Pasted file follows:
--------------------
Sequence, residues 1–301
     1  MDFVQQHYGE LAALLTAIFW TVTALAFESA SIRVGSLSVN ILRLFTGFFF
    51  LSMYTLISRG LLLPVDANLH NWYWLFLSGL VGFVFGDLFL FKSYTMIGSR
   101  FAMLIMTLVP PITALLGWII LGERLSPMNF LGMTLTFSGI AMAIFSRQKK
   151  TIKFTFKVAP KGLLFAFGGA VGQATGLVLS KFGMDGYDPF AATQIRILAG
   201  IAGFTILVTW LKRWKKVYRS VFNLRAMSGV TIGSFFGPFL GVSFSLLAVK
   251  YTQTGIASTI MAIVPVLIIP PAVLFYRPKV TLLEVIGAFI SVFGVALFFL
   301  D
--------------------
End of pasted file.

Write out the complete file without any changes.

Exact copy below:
Sequence, residues 1–301
     1  MDFVQQHYGE LAALLTAIFW TVTALAFESA SIRVGSLSVN ILRLFTGFFF
    51  LSMYTLISRG LLLPVDANLH NWYWLFLSGL VGFVFGDLFL FKSYTMIGSR
   101  FAMLIMTLVP PITALLGWII LGERLSPMNF LGMTLTFSGI AMAIFSRQKK
   151  TIKFTFKVAP KGLLFAFGGA VGQATGLVLS KFGMDGYDPF AATQIRILAG
   201  IAGFTILVTW LKRWKKVYRS VFNLRAMSGV TIGSFFGPFL GVSFSLLAVK
   251  YTQTGIASTI MAIVPVLIIP PAVLFYRPKV TLLEVIGAFI SVFGVALFFL
   301  D